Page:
can be None. This can be useful if each sequence is of a different length: Multiple Length Sequence Example.
Output shape
 if
return_sequences=True
: 3D tensor with shape(batch_size, timesteps, nb_filters)
.  if
return_sequences=False
: 2D tensor with shape(batch_size, nb_filters)
.
How do I choose the correct set of parameters to configure my TCN layer?
Here are some of my notes regarding my experience using TCN:

nb_filters
: Present in any ConvNet architecture. It is linked to the predictive power of the model and affects the size of your network. The more, the better unless you start to overfit. It's similar to the number of units in an LSTM/GRU architecture too. 
kernel_size
: Controls the spatial area/volume considered in the convolutional ops. Good values are usually between 2 and 8. If you think your sequence heavily depends on t1 and t2, but less on the rest, then choose a kernel size of 2/3. For NLP tasks, we prefer bigger kernel sizes. A large kernel size will make your network much bigger. 
dilations
: It controls how deep your TCN layer is. Usually, consider a list with multiple of two. You can guess how many dilations you need by matching the receptive field (of the TCN) with the sequences' lengths. 
nb_stacks
: Not very useful unless your sequences are very long (like waveforms with hundreds of thousands of time steps). 
padding
: I have only usedcausal
since a TCN stands for Temporal Convolutional Networks. Causal prevents information leakage. 
use_skip_connections
: Skip connections connects layers, similarly to DenseNet. It helps the gradients flow. Unless you experience a drop in performance, you should always activate it. 
return_sequences
: Same as the one present in the LSTM layer. Refer to the Keras doc for this parameter.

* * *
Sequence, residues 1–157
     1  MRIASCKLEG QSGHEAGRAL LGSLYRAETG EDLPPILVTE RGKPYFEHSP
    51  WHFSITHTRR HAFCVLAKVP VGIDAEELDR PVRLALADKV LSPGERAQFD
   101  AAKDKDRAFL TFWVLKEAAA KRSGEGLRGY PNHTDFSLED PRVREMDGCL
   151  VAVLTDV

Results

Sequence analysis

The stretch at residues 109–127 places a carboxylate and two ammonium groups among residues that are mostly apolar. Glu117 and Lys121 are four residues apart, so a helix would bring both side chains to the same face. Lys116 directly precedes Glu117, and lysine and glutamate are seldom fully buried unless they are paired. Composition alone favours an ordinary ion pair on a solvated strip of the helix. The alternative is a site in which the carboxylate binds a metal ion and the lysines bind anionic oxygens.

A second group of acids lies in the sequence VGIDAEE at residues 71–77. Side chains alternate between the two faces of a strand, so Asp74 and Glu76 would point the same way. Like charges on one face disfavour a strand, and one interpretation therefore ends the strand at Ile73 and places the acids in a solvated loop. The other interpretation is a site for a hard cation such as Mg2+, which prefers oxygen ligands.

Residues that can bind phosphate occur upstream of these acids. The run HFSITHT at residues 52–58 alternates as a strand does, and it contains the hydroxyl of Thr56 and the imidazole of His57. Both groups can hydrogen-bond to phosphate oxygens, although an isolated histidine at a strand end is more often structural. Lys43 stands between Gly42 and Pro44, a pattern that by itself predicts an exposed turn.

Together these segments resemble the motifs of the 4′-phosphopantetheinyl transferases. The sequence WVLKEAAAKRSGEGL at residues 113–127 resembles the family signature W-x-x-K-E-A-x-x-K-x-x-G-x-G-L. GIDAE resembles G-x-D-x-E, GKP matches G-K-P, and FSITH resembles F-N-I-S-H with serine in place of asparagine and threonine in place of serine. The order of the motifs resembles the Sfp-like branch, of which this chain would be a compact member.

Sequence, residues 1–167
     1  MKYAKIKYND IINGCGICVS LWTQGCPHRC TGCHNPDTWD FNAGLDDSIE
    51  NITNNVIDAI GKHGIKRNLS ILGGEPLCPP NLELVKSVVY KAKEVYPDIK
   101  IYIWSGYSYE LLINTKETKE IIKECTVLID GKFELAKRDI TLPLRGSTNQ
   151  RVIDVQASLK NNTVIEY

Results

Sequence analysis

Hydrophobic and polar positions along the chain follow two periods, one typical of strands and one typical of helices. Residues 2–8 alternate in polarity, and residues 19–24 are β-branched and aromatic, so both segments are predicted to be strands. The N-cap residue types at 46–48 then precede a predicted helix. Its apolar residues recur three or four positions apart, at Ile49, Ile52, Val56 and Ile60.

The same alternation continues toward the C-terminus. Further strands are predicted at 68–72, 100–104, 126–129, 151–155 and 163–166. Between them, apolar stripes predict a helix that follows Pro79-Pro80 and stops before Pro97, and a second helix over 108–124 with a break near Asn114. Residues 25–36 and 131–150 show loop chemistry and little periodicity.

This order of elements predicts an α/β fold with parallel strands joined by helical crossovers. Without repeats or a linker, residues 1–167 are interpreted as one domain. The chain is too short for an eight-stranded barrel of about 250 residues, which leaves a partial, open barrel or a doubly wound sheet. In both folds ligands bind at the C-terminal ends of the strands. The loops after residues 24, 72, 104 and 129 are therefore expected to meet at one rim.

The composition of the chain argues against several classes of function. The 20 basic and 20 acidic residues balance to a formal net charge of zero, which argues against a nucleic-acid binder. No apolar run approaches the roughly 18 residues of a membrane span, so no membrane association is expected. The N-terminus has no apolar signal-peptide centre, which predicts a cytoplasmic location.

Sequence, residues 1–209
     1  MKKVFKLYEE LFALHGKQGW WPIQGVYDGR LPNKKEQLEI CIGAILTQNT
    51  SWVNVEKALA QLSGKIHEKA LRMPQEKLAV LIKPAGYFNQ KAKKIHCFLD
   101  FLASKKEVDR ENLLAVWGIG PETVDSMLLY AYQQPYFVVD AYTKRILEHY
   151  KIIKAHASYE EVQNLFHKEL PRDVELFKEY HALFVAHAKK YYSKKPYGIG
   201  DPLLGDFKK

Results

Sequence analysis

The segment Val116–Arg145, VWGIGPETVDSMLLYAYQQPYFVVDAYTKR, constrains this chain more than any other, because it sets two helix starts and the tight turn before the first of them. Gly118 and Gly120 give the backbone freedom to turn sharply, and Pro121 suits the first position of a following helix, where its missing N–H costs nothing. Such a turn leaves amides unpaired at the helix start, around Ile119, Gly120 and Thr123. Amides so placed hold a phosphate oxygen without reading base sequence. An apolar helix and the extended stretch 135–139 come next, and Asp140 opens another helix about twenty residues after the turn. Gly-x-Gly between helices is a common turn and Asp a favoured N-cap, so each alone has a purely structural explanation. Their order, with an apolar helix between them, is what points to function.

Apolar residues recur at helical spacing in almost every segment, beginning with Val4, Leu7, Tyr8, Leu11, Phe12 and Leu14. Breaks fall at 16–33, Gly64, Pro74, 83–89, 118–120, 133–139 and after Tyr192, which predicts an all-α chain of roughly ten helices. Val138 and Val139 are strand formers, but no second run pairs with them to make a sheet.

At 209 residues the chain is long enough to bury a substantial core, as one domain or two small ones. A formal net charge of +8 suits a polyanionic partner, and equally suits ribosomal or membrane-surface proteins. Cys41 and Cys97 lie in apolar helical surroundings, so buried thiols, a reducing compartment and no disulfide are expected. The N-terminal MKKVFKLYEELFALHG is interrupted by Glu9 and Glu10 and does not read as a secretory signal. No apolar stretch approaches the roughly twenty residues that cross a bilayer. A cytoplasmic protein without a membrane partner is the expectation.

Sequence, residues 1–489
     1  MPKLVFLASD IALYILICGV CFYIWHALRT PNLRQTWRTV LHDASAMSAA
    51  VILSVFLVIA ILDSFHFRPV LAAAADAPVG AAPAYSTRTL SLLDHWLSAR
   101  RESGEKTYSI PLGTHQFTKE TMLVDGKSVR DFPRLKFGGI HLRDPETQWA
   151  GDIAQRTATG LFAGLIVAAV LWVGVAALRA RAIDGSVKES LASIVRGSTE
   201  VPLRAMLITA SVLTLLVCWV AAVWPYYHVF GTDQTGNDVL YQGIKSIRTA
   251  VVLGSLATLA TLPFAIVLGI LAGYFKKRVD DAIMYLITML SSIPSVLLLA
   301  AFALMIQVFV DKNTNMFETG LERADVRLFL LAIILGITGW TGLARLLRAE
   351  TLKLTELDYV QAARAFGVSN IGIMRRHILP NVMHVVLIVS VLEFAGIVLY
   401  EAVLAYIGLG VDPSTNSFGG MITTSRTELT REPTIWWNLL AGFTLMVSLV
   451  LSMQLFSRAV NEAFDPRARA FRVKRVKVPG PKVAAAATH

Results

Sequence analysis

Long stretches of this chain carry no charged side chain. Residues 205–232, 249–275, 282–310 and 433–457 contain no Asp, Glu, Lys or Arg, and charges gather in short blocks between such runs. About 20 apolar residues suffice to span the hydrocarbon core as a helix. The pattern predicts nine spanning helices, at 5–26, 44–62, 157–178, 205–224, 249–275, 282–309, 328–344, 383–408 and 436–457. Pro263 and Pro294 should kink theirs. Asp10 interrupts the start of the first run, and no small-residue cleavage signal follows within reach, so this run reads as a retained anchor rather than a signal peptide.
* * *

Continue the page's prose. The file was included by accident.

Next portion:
dropout_rate
: Similar torecurrent_dropout
for the LSTM layer. I usually don't use it much. Or set it to a low value like0.05
. 
activation
: Leave it to default. I have never changed it. 
kernel_initializer
: If the training of the TCN gets stuck, it might be worth changing this parameter. For example:glorot_uniform
. 
use_batch_norm
,use_weight_norm
,use_weight_norm
: Use normalization if your network is big enough and the task contains enough data. I usually prefer usinguse_layer_norm
, but you can try them all and see which one works the best.
Receptive field
This formula is the one that works with the TensorFlow/Keras implementation. The receptive field can be calculated using the following formula:
where N_{s} is the number of stacks, N_{b} is the number of residual blocks per stack, d is a vector containing the dilations of each residual block in each stack, and K is the kernel size.
In theory, the 2 is not justified. We are still not sure why in practice we need to add this 2 in the formula. It would be appreciated if someone could point out why. It is a probably a parameterization/notation problem. There is a beginning of answer here.
 If a TCN has only one stack of residual blocks with a kernel size of 2 and dilations [1, 2, 4, 8], its receptive field is 16. The image below illustrates it:
ks = 2, dilations = [1, 2, 4, 8], 1 block
 If the TCN has now 2 stacks of residual blocks, you would get the situation below, that is, an increase in the receptive field up to 31:
ks = 2, dilations = [1, 2, 4, 8], 2 blocks
 If we increased the number of stacks to 3, the size of the receptive field would increase again, such as below:
ks = 2, dilations = [1, 2, 4, 8], 3 blocks
Noncausal TCN
Making the TCN architecture noncausal allows it to take the future into consideration to do its prediction as shown in the figure below.
However, it is not anymore suitable for realtime applications.
NonCausal TCN  ks = 3, dilations = [1, 2, 4, 8], 1 block
To use a noncausal TCN, specify padding='valid'
or padding='same'
when initializing the TCN layers.
Installation from the sources